Has Mexico missed the mark on its new opposition system?

Mexican trademark practice has been amended to allow for a form of opposition system. Laura Collada, of the firm of Dumont Bergman Bider & Co., in located in Mexico City, suggests that these changes may not have achieved the purposes for which they are intended.

"Kat readers may be aware that Mexico has been working on the creation of a Trademark Opposition system for some time, in order to help bring the country in line with global best practices for trademark examination. On June 1, 2016, an amendment to the Mexican IP law was published in the Federal Official Gazette, which will implement this long-awaited opposition system, as of August 30, 2016. However, the system that was ultimately approved seems more akin to the EUIPO’s so-called observations process for third parties (with or without any legal interest) than to a standard opposition proceeding. Key provisions of the opposition system are as follows:
• A trademark application will be published no later than 10 days after filing.

• Oppositions must be filed within 30 days after publication.

• Oppositions may be based on absolute and/or relative grounds.

• All arguments and possible evidence must be included in the opposition, as there will be no opportunity to file further arguments or evidence. • The Opposer will not be recognised as a third interested party.

• The examination of the application will continue alongside the opposition, i.e. the application will not be suspended.

• The Examiner is not obliged to take into consideration the arguments of the opposition.
Against this backdrop, this amendment will allow third parties to submit information as to why the trademark should not be registered, but such persons will not become a party to the opposition proceeding. Indeed, the Mexican Institute of Industrial Property (IMPI) will have no obligation to even consider the information submitted. As such, this would seem to constitute an exception to the general rules of procedure applicable in Mexico, because the so-called opposition will not be binding upon IMPI. The wording of the amendment says that “the examiner may take into consideration” the information submitted, rather than “shall take into consideration”, thus implying that the examiner may choose to disregard it. It further remains unclear whether the opposing party will have a right to file an appeal against the registration of a mark against which an opposition was filed, inasmuch as no formal opposition decision will be issued.

At a recent event organized by the Mexican group of the International Association for the Protection of Intellectual Property (AIPPI), IMPI officials advised that “promptly after granting registration of an application against which an opposition was filed, the certificate will be issued and the registration published in the Gazette, upon which the opposing party will be informed about the grant by means of an official accord”. At this point, one would have to seek cancellation of the registration, as there is no possibility of revoking registration once it is published in the Gazette, except by way of a cancellation. It still remains unclear whether the opponent or the applicant, will have access to the right of appeal. Finally, the period for filing an opposition is only 30 days, while most systems provide for at least 60 days.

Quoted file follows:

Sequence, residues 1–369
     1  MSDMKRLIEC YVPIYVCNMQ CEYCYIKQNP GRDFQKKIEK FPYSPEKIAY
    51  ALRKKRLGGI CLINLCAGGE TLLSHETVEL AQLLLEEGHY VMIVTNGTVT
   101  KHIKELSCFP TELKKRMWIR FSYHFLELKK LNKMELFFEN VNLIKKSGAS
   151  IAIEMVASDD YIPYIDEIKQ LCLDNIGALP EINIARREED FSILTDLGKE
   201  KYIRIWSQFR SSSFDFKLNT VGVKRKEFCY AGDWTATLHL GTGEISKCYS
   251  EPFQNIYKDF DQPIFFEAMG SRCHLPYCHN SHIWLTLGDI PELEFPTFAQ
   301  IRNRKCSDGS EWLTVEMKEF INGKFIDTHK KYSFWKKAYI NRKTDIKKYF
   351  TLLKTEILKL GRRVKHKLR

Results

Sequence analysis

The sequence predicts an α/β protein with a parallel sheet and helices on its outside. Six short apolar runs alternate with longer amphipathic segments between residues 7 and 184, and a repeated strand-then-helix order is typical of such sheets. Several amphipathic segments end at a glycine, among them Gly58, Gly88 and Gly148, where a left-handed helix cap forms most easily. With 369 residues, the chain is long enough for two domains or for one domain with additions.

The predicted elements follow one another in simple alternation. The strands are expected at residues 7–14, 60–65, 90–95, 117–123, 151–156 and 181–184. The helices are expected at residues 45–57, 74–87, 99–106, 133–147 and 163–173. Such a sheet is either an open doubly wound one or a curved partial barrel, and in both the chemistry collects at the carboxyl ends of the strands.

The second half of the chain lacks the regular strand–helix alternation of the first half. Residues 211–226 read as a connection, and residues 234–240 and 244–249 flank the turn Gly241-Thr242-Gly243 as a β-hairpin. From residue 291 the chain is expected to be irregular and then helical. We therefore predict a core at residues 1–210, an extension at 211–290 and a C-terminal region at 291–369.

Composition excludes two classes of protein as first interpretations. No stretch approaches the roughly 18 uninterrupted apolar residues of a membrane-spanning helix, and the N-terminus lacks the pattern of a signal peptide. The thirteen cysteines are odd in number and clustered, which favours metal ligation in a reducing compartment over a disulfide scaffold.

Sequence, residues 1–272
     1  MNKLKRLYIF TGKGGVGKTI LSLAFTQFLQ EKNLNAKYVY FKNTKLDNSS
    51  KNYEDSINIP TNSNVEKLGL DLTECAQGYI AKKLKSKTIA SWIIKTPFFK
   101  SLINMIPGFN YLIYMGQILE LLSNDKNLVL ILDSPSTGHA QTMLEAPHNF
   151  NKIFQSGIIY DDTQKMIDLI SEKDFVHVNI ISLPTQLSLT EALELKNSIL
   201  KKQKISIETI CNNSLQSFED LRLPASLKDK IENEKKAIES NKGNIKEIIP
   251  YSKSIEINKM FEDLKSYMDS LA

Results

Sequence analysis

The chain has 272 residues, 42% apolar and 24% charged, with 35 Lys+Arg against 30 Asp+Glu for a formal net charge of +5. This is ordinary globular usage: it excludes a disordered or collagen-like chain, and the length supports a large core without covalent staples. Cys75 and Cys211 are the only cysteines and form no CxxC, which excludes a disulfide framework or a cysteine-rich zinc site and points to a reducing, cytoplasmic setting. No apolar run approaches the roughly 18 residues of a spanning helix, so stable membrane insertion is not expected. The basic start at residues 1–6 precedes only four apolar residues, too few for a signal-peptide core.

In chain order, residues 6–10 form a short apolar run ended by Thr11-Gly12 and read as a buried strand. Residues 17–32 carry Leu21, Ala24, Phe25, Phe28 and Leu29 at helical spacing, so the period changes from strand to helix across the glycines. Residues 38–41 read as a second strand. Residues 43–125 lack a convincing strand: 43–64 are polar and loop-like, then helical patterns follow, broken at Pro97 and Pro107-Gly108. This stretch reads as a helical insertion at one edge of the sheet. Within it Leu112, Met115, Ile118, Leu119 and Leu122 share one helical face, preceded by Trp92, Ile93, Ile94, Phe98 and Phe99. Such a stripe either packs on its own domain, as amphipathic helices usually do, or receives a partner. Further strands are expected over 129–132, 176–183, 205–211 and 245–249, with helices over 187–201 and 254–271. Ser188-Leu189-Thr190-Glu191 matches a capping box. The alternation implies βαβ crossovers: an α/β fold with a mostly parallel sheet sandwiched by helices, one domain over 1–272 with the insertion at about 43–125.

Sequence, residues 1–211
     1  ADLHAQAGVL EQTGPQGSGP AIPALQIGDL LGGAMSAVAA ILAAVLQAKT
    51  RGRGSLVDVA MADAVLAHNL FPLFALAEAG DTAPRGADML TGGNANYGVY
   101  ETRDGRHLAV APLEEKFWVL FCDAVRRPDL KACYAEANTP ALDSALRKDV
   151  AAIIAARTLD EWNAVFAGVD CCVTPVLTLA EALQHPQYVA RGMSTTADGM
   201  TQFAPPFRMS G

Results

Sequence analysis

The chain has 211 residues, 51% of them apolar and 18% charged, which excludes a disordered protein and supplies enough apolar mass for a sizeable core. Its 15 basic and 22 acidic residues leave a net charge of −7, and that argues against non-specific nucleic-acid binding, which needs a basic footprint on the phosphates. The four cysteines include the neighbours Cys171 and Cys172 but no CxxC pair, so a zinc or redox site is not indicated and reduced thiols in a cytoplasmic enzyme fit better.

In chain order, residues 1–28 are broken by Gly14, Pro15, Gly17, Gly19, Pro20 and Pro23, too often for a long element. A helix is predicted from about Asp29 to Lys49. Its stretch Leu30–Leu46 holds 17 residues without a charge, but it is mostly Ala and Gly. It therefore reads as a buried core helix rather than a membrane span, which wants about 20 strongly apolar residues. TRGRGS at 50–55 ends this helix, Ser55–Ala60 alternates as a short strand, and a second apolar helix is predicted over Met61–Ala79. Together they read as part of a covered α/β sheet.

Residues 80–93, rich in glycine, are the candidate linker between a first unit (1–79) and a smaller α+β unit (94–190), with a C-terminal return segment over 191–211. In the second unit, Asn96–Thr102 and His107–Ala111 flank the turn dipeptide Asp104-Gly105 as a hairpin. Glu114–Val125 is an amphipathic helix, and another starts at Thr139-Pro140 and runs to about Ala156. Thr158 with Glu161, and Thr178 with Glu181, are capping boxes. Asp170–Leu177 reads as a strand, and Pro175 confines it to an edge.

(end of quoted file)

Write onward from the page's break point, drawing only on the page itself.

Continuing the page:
While the amendment is a first step that may ultimately allow for more thorough examination, one can’t help but wonder what was the point of it. In particular, U.S. and European brand owners may well be disappointed, since they are accustomed to more robust opposition proceedings. It is clear that IMPI did not want to sacrifice examination timelines, but a quality trademark register seems more important in the long run. Nevertheless, now that the amendment has been approved and the new provisions will be effective, as of August 30, 2016, there is little hope of changing it, at least for the time being. Still, filing an opposition under this new scheme will be less expensive and more potentially more efficient than trying to invalidate a mark that has already been registered. As far as providing a sure fire means of thwarting attempts to register confusingly similar marks though this does not seem to do the trick."
Has Mexico missed the mark on its new opposition system? Has Mexico missed the mark on its new opposition system? Reviewed by Neil Wilkof on Thursday, September 01, 2016 Rating: 5

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